RALEIGH, N.C. (AP) — North Carolina legislators took an initial step Tuesday toward expanding Medicaid coverage to more working families after nearly a decade of Republican opposition when a GOP-designed plan easily passed a committee with bipartisan support.
But Republicans who initially seemed ready to fast-track the measure later made clear that Democratic Gov. Roy Cooper’s chief goal would be sidetracked until enough Democrats turned their backs on Cooper and backed the GOP budget he vetoed last month. Expansion legislation that suddenly passed a state House committee Tuesday morning and scheduled for House approval later in the day was again sidelined.
“I’ve made it clear that once the (budget) votes are there and the commitments are there, that we’ll take the vote up on it (Medicaid),” State House Speaker Tim Moore said.
The expansion legislation approved by the House Health Committee requires participants to work and pay up to 2% of their annual household income for coverage. That, along with an estimated $2 billion from hospitals hoping to cut the volume of poor people who can’t pay, would cover the state’s share without costing taxpayers, said state Rep. Donny Lambeth, a Forsyth County Republican and former hospital executive.
“We have a problem with health care in North Carolina” that includes more than 1 million residents without insurance coverage, struggling rural hospitals and small communities unable to attract doctors as an aging population increases demand, Lambeth said. The plan assumes about 300,000 would qualify for expanded Medicaid coverage, he said.
North Carolina is one of 14 states that have resisted Medicaid expansion covering roughly 12 million people despite the federal government paying 90% of Medicaid expansion costs under provisions of the Affordable Care Act, nicknamed Obamacare.
That law faced a legal challenge Tuesday in a federal appeals court in New Orleans from Republican-led states arguing that all facets of the law must be voided because Congress dropped tax penalties for people who don’t buy health insurance coverage. Any decision by three-judge panel of the 5th U.S. Circuit Court of Appeals panel will likely be appealed to the U.S. Supreme Court.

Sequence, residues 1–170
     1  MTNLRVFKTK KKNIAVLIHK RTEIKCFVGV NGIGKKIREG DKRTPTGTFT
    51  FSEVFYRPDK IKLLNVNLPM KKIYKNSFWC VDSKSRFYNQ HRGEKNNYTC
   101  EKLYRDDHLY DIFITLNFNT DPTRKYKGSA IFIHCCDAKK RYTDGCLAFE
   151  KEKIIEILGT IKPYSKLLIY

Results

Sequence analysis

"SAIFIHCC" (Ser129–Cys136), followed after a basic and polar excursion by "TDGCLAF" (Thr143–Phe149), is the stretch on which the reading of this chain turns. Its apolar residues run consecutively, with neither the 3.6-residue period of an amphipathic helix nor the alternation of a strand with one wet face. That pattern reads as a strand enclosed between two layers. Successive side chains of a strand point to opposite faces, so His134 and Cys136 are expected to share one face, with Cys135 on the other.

Republican House leaders allowed the North Carolina legislation, building on proposals first advanced in 2017, to get a committee vote amid a budget fight in which Medicaid expansion looms large.
Cooper wants Medicaid expansion without work requirements or premiums and he vetoed the state budget plan adopted by the Legislature because Republicans didn’t include it.
Senate leader Phil Berger, a Rockingham County Republican, said he won’t negotiate with Cooper over the budget unless the governor drops his Medicaid demand.
“We’re willing to have a conversation about health care. It’s just that for the governor to hold up the entire budget on that one issue strikes me as something that’s just totally inappropriate,” Berger said Tuesday.
Berger said the Medicaid expansion bill being considered by the House lacked the votes to pass in the Senate.
Cooper called the Republican decision to begin consideration of Medicaid expansion “a good step forward” but short of his proposal that would expand Medicaid to between 500,000 and 600,000 working North Carolinians.
“Clearly if they’re discussing it, they realize that it’s an important part of this process, but it has to go through two chambers in order to pass,” he told reporters Tuesday.
The expansion proposal advanced Tuesday was opposed by advocacy groups on the left, which argued work and reporting requirements are expensive and complicated, and the right, which said accepting more federal funding for Medicaid would add to the national deficit.
But supporters addressing legislators included the owner of daycare centers who said her poorly paid teachers suffered without affordable health care and former Republican gubernatorial candidate George Little, who said North Carolina businesses couldn’t remain competitive without financially stable hospitals.
Cassandra Brooks, who owns two daycare centers near Raleigh, said two of her teachers died prematurely from heart ailments that went untreated because they couldn’t afford medical costs, a problem Medicaid expansion could address.
“They died from something so simple that could have been prevented,” she said.